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by Symptom Advice on April 23, 2012

Zimmerman held pending arraignment

SANFORD, Fla., April 12 (UPI) — A Florida judge Thursday ordered the neighborhood watch volunteer who killed unarmed Florida teenager Trayvon Martin to remain jailed on murder charges.

Seminole County Circuit Judge mark E. Herr ordered George Zimmerman, 28, held pending a bond hearing and formal arraignment on second-degree murder charges may 29 before Judge Jessica J. Recksiedler.

No plea was entered during Thursday’s brief teleconference hearing. Zimmerman answered, “Yes, sir,” to acknowledge he understood the charges.

Both defense attorney mark O’Mara and special prosecutor Angela Corey agreed records in the case should be sealed.

Zimmerman has admitted shooting and killing Martin, 17, Feb. 26 as the teen walked through a gated Sanford neighborhood. the shooting sparked outrage in the black community and police initially declined to file charges, citing Florida’s Stand Your Ground law.

Zimmerman, who is a white Hispanic, surrendered to police Wednesday.

Earlier Thursday, Martin’s mother said she believes the shooting “was an accident.”

Moscow terrorist group convicted

MOSCOW, April 12 (UPI) — Nine members of a Moscow terrorist group were convicted Thursday of setting off explosives and committing acts of arson.

The defendants, all age 16 to 20 and members of the Autonomous Combat Terrorist Organization, were found guilty in Moscow City Court of setting a kiosk on fire, igniting a cafe and a police station, throwing Molotov cocktails at a house and other similar crimes. the four-month trial was open to the press.

The group is regarded by the government as an extremist organization and was formerly affiliated with a since-banned organization noted for its nationalistic and anti-immigrant leanings, the news service ITAR-Tass reported Thursday.

At the trial, the prosecutor asserted the defendants’ actions were terrorist in nature, and after the conviction recommended leader Ivan Astashin be sentenced to 15 years in prison for crimes including terrorism, illegal explosives and inciting ethnic hate. the defense attorney argued the activities were merely acts of hooliganism.

Amid scandal, China hails corruption fight

BEIJING, April 12 (UPI) — China’s official state-run media is hailing the government’s crackdown on corruption as details of wealth amassed by deposed party official Bo Xilai emerged.

Bo’s family reportedly garnered huge wealth and influence while he was an influential member of the Chinese Communist Party Politburo from Chongqing. the local party boss had ambitions to rise to the nine-member Politburo Standing Committee, which effectively runs China, before his abrupt fall in March, the new York Times said.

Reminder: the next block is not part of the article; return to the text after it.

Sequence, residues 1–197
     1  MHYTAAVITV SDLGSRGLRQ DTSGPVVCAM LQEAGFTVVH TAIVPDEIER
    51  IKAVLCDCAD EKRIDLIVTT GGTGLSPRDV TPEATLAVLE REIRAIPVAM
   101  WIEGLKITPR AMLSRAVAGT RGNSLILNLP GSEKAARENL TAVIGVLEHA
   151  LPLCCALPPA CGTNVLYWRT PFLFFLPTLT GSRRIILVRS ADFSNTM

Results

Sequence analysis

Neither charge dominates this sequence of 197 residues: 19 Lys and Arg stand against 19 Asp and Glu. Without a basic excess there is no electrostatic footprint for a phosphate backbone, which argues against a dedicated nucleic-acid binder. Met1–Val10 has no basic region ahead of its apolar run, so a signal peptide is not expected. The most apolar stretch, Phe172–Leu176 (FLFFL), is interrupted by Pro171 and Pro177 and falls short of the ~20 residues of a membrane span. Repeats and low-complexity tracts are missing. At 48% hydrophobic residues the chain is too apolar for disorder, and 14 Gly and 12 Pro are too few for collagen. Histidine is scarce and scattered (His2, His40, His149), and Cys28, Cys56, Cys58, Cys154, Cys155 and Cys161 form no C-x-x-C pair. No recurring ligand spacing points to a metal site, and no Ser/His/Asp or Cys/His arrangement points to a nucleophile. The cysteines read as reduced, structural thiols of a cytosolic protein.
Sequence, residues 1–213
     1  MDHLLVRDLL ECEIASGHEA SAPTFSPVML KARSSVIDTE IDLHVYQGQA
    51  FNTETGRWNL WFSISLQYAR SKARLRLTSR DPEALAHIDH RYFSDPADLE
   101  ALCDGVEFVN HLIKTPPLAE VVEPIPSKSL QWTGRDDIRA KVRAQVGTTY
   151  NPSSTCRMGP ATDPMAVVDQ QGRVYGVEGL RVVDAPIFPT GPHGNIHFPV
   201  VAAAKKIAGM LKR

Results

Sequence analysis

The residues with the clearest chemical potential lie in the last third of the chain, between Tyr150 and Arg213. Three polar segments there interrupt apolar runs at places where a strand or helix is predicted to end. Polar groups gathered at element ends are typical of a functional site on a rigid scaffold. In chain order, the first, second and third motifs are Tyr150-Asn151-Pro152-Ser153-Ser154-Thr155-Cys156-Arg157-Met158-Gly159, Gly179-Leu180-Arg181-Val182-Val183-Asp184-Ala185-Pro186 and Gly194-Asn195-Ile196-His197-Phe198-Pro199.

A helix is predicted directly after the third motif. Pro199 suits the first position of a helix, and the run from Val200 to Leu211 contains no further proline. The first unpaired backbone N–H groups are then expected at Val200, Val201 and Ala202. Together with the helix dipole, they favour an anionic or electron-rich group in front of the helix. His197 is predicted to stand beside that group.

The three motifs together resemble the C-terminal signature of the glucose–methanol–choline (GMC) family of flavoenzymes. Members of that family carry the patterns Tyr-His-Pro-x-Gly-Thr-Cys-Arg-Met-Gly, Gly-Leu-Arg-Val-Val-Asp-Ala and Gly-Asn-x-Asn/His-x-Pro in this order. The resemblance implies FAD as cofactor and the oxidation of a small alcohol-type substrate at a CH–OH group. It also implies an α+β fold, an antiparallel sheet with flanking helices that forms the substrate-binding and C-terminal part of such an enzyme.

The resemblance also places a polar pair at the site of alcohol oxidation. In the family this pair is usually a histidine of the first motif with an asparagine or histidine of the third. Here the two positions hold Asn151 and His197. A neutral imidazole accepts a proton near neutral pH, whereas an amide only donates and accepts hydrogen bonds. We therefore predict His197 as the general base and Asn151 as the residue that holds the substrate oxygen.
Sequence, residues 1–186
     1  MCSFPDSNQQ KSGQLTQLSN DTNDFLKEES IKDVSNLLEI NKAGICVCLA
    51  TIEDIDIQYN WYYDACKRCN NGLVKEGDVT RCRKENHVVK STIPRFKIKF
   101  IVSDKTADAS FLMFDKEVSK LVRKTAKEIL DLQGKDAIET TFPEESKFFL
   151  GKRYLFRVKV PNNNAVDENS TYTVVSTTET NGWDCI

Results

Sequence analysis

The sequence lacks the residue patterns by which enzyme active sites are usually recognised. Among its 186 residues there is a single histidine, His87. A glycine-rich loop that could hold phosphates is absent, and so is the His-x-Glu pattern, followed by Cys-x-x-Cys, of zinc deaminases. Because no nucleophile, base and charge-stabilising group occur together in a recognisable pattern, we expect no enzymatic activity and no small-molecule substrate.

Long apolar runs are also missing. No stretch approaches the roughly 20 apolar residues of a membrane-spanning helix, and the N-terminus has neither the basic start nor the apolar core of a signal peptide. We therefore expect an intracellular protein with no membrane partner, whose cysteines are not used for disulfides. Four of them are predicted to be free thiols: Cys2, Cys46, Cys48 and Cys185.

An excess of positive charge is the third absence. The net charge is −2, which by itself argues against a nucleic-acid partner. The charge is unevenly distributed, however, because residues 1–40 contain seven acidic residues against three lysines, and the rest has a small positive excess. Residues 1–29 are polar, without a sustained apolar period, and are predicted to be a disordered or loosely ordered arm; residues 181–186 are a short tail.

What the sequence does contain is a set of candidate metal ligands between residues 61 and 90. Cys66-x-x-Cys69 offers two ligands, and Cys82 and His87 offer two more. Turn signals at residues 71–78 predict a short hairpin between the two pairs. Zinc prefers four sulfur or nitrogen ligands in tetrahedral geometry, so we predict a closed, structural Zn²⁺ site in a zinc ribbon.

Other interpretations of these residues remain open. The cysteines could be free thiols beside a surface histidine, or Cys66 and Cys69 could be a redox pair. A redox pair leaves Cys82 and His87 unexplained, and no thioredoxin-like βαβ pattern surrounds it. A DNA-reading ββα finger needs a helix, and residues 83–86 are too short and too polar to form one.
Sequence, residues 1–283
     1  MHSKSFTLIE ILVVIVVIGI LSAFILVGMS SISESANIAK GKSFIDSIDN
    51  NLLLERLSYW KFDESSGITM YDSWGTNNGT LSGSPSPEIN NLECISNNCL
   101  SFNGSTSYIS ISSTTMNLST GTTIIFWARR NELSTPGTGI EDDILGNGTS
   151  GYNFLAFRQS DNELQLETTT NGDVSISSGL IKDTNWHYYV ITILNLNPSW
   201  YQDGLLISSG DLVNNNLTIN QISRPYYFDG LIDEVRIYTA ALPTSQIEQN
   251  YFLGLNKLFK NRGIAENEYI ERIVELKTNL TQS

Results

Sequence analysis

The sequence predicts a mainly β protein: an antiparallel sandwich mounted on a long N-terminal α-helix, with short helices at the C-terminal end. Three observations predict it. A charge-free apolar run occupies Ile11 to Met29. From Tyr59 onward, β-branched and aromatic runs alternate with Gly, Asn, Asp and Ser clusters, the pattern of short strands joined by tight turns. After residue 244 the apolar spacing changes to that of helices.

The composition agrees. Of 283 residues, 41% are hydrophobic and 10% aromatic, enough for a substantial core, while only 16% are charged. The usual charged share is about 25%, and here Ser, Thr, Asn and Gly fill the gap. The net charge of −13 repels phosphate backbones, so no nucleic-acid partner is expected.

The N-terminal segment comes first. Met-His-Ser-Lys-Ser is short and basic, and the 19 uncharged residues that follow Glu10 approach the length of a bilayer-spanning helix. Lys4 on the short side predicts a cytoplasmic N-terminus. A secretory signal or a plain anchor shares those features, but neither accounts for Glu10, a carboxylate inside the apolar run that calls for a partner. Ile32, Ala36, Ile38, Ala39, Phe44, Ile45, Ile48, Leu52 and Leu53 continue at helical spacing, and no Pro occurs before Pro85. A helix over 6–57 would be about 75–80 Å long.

Apple Daily, a Hong Kong newspaper, Thursday reported Bo’s older brother, Bo Xiyong, under an assumed name, for nine years was executive director and deputy general manager of a state-owned company that controlled a major Chinese bank and other lucrative businesses.

Chinese media this week began attempting to address the belief that nepotism is common among senior party members with relatives often getting high-paying jobs for family members at state-owned companies, the Times said.

Bo was suspended from the 25-member Politburo and party leaders said his wife was under investigation in the November death of British businessman Neil Heywood, who was found dead in Chongqing — the city-state formally run by Bo’s political machine.

Canadian troops get malaria drug U.S. quit

OTTAWA, April 12 (UPI) — Some Canadian veterans are questioning why troops are still being given an anti-malarial drug the U.S. military abandoned because of potential mental illness.

The drug marketed as Lariam is known generically as mefloquine and was dropped by U.S. forces in 2009 after a U.S. defense memo warned of potentially serious side effects, the Canadian Broadcasting Corp. reported.

“Mefloquine may cause psychiatric symptoms … ranging from anxiety, paranoia and depression to hallucinations and psychotic behavior … long after mefloquine has been stopped,” the memo said.

Regardless, Canada still gives its soldiers the drug in malaria-prone regions around the world based on advice from the Public Health Agency of Canada, which maintains the drug is “generally well tolerated,” the report said.

Retired Cpl. Donald Hookey of Newfoundland told the broadcaster he and his family see differences in him six years after he served in Afghanistan and he’s no longer convinced the nightmares and rage are solely because of post-traumatic stress disorder.

“I don’t think that I can honestly say that I’ve felt normal since I’ve been back,” he said.

Poll: Support for Afghan mission hits low

WASHINGTON, April 12 (UPI) — Only 30 percent of U.S. residents now believe the country should be fighting in Afghanistan, a poll released Thursday indicated.

The ABC News/Washington Post poll found that 66 percent of respondents oppose the war. Support for the effort is at its lowest level ever and has dropped below the lowest point in support for the Iraq war.

While Republicans remain far more supportive of the Afghanistan mission than Democrats and independents, only 44 percent said they now believe the war is worth fighting. That is a low point while support among the other groups is a few points higher than their record lows.

Attitudes toward the mission have often turned sharply because of external events. the Afghanistan mission was almost as unpopular a year ago and then support increased sharply after the killing of Osama bin Laden.

Langer Research Associates interviewed 1,003 adults by telephone last Thursday to Sunday. the margin of error is 4 points for the full sample.

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